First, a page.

In orbit of Khitomer
"Please state the nature of the medical emergency."
The tall, balding human who had just appeared out of thin air stared around at the engineering section, then focused on Kalara, Prin and Kane who were gathered in front of him. His eyes widened slightly at the sight of the Borg engineer, but he remained relatively imperturbable.
“Please state the –“
"I found it buried deep in the database," a disembodied voice interrupted from one of the nearby panels. Kalara glanced away from the hologram at the image of Ianto's face floating in front of a white background. She shook her head slightly – this is taking some getting used to
"What exactly is going on here?" the holographic doctor demanded, looking from one to the other. "Why have you activated me? Where is the medical--"
"Computer, mute hologram," Prin ordered. The holo doctor continued to talk though no sound came out. It took him a moment to realise what had happened and then he started to wave his hands about, pointing at his throat and shouting at the top of his - inexistant - voice.
"He seems to be malfunctioning," Kane said drily.
"Actually, they were all like this," Ianto responded.
"No wonder they were discontinued," Kalara said.
"Computer, standby medical hologram."
The holographic doctor paused in the middle of jumping up and down, his legs and arms spread in a star pattern, mouth wide open. Kalara heard Prin snort in laughter from behind her. Even she had to admit, it looked quite funny.
Kane walked around the floating hologram, studying it. "So this is the basic matrix you want to use?" he asked dubiously.
"Just as a template,” Ianto replied. “I’m more interested in the fact that his entire program was once able to fit within a mobile emitter, a transportal holographic device that allowed him total access to his ship and even to beam down to planets.” Ianto smiled. “I just so happen to have the schematics of that emitter stored in my cortical net."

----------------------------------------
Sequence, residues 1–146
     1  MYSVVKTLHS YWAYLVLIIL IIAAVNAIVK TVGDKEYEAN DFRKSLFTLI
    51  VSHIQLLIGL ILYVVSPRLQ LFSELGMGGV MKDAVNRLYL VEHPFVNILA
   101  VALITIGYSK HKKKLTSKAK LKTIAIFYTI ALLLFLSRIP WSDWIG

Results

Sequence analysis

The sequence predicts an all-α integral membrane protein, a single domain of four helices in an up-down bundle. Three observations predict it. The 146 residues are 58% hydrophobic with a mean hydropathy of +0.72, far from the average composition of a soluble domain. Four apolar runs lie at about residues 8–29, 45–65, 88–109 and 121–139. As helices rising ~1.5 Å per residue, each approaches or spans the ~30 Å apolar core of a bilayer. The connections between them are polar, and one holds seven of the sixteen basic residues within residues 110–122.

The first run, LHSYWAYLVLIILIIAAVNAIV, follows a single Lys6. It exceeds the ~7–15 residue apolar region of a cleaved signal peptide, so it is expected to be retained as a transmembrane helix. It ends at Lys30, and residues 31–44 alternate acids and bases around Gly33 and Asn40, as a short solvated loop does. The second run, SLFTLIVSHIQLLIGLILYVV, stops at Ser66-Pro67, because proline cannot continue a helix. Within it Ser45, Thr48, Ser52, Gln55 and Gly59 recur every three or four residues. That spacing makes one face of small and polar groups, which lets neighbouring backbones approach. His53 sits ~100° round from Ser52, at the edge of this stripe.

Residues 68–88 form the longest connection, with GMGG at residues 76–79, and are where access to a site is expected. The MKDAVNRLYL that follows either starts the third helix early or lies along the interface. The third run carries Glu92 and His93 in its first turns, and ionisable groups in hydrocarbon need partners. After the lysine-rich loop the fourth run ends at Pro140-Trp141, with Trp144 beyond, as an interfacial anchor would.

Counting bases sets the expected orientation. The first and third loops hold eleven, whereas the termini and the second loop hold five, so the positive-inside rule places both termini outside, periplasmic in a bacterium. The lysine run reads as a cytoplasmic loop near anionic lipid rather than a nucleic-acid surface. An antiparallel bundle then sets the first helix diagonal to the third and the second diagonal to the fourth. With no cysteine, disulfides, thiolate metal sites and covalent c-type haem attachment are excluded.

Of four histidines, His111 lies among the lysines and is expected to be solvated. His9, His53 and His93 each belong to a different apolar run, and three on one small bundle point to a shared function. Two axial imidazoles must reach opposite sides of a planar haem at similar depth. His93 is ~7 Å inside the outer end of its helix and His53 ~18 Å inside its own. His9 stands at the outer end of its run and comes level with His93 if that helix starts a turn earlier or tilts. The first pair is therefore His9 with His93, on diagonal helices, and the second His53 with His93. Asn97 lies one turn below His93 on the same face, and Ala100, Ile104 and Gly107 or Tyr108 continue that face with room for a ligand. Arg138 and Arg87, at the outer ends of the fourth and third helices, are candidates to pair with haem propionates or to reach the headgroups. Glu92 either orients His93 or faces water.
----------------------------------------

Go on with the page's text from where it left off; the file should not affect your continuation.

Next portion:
Ianto looked over at Prin. "The hologram known as the Doctor - an advanced version of this one who grew to sentience around the same time as my father - was transmitted back to Federation space from the lost starship Voyager around the time that the Dominion overran the Federation. He was trapped in the Alpha Quadrant when the communication's array he used to travel back was destroyed. His ship was ordered never to return to the Federation. So the Doctor remained and joined my father in the Resistance. A few years later, they worked together to rebuild the holo emitter using the Doctor’s memories.”
"What happened to him?"
A look of discomfort passed over Ianto’s face, one that she had come to recognise whenever he was reminded of a painful memory. Best not to ask
, she thought and took a step forward, taking the attention away from him.
"And do you really think this will work?"
Ianto cast her a grateful glance as he nodded. "Yes. I think it should be possible to create a brand new matrix based on Starfleet Corps of Engineering scans of my former body and replicate it in a--"
"Bridge to Lieutenant-Commander Kalara."
Kalara frowned at the interruption. "Kalara here."
"Sorry to interrupt, Lieutenant-Commander. We have a priority four transmission incoming from the planet."
Kalara bit back a rather coarse Klingon curse. She had been expecting this ever since the ship arrived in Khitomer space. She looked over at Commander Ly’et, who smiled.
"Don't worry, we'll hold down the fort."
Nodding her thanks, though slightly confused by the reference, Kalara began to move towards a nearby panel. Before she could instruct the bridge to put the communique through, Kane spoke up.
"My office is available if you would be more comfortable there."
She stopped, surprised at the offer. She turned to look at the Borg engineer, whose pale skin had taken on a slightly pinker shade. Is he embarassed? A Borg?
She nodded. "That would be agreable."
He pointed towards the rear of the engineering space, where a small office had been set up near the Borg alcoves. Kalara nodded her thanks, then walked in the direction he had indicated.